SNAP & the Farm Bill

Congress passed the new Farm Bill on February 4, 2014. President Obama is expected to sign the bill into law on Friday, February 7th. The Farm Bill includes $8.55 Billion in cuts to SNAP over the next 10 years. The cuts will come from changes to “Heat and Eat” programs operated in 15 states and Washington, DC. North Carolina does not have a “Heat and Eat” program, so the SNAP benefit cuts included in the Farm Bill will not affect NC households that receive SNAP.*

The states affected by the cuts include: California, Connecticut, Delaware, Maine, Massachusetts, Michigan, New Hampshire, New Jersey, New York, Oregon, Pennsylvania, Rhode Island, Vermont, Washington, and Wisconsin. As many as 850,000 low-income households in these states and Washington, DC will lose an average of $90 in monthly benefits.

Read Feeding America’s response to the Farm Bill here, and the response by the Food Research & Action Center (FRAC) here.

Read a summary of the Farm Bill compiled by the Center on Budget & Policy Priorities here.

*In North Carolina, SNAP is known as Food & Nutrition Services (FNS).

Cuts to FNS on the horizon

Cuts to Food & Nutrition Services (FNS) are scheduled to go into effect on November 1, 2013, resulting in an average benefit of about $1.40 per person per meal. According to the Center on Budget and Policy Priorities, North Carolina will experience $166 million in cuts during fiscal year 2014.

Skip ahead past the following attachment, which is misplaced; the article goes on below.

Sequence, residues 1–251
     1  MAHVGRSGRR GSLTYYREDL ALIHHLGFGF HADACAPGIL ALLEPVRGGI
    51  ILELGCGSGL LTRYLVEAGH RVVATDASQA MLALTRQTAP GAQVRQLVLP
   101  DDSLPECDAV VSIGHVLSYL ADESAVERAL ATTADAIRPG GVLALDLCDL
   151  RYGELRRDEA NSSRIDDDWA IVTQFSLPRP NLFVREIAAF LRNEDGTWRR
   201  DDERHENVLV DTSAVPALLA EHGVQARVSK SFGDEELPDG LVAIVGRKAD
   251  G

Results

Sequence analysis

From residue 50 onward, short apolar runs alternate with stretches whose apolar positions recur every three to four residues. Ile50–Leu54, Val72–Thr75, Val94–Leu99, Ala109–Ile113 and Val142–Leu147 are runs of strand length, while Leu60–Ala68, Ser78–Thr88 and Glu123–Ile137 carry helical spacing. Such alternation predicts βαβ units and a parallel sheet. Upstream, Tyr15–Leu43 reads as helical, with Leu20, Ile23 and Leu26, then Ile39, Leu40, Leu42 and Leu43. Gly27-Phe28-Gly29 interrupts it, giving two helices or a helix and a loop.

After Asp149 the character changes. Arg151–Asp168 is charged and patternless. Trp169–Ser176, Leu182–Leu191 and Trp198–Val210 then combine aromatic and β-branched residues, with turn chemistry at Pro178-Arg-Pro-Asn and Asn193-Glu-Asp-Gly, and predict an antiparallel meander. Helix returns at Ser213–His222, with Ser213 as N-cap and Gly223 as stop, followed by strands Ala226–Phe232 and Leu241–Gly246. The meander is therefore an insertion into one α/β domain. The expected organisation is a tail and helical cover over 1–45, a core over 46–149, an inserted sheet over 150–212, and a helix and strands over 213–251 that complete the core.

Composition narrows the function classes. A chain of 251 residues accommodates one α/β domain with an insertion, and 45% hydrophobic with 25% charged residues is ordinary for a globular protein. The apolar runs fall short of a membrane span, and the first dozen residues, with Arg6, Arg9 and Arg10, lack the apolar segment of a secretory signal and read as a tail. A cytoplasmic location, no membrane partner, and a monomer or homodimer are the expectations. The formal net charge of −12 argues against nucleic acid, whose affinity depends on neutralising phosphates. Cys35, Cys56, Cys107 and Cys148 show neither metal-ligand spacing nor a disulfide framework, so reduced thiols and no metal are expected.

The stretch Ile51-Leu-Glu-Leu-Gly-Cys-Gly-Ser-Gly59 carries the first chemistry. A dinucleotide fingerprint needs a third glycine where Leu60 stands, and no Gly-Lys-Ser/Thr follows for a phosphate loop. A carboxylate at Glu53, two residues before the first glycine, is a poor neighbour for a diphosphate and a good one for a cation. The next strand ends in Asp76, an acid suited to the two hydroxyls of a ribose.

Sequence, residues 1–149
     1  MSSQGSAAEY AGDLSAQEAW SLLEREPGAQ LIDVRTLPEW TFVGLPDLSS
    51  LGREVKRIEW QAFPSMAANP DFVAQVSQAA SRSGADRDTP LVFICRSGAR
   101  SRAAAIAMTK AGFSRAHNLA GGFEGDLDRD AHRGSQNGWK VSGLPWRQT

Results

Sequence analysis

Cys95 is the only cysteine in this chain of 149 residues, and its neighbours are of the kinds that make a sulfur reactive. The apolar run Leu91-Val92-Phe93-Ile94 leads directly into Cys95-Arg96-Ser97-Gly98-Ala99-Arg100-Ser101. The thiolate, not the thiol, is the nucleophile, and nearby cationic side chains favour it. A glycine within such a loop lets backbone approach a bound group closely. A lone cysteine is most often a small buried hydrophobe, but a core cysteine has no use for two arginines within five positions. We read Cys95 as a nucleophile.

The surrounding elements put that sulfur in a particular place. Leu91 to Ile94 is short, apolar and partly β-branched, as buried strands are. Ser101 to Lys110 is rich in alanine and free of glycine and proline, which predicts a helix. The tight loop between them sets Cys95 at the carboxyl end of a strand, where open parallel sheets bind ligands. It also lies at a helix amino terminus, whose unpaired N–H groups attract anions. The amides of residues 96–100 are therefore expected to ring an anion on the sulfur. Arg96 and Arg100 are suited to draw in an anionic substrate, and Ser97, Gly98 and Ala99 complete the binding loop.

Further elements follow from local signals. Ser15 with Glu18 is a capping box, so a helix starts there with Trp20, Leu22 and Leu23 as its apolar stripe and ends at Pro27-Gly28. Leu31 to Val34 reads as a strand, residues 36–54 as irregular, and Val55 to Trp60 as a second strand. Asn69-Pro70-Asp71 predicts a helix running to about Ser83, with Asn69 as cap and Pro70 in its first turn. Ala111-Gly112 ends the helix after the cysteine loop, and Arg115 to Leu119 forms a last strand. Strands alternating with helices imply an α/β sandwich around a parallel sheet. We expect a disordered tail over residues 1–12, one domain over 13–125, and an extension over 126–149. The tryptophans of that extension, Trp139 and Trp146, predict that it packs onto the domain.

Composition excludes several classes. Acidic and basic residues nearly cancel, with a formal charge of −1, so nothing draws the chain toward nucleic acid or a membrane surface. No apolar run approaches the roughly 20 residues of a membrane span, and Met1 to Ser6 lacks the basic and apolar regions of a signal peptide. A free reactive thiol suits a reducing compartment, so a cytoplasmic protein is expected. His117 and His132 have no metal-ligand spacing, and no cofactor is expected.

The cuts to FNS will come at a particularly difficult time for low-income North Carolinians. The state currently has the fifth highest unemployment rate in the country. And, recent reductions in unemployment benefits are expected to impact 170,000 unemployed adults in the state during the second half of 2013.

Read more about the looming cuts to FNS in a report by the NC Justice Center.

*Food & Nutrition Services (FNS) is known as SNAP at the federal level.

Food & Nutrition Services boosts fruit consumption

A new report from the U.S. Department of Agriculture reveals that Food & Nutrition Services (referred to as SNAP by the federal government) boosts consumption of whole fruit.  Click here to access the full report.

Food & Nutrition Services is helping during slow economic recovery

An article in the Huffington Post states that SNAP (or FNS, as it’s known in North Carolina) is helping low-income households recover from the Great Recession.  While the recession technically ended in June 2009, recovery has been slow for many low- and middle-income households.  Unemployment remains high in North Carolina (9.4% as of February 2013, one of the highest unemployment rates in the country).  As NC Policy Watch has reported, many of the jobs created in North Carolina since the end of the recession have been in the low-wage service industry.  As a result, many households continue to need the extra support that Food & Nutrition Services provides.  Historically, as households feel more financially secure, FNS participation decreases.

 

 

FNS helps working people

North Carolina food banksWorking a full-time job in America doesn’t guarantee you will have enough to eat.  Food & Nutrition Services (known as SNAP at the federal level) helps families who need help buying food.  Despite helping more than 47 million people during these challenging economic times, Congress is considering cutting funding for this important safety net.  Read the full article at Yahoo/Takepart.com.

Food & Nutrition Services helps some people stay above poverty line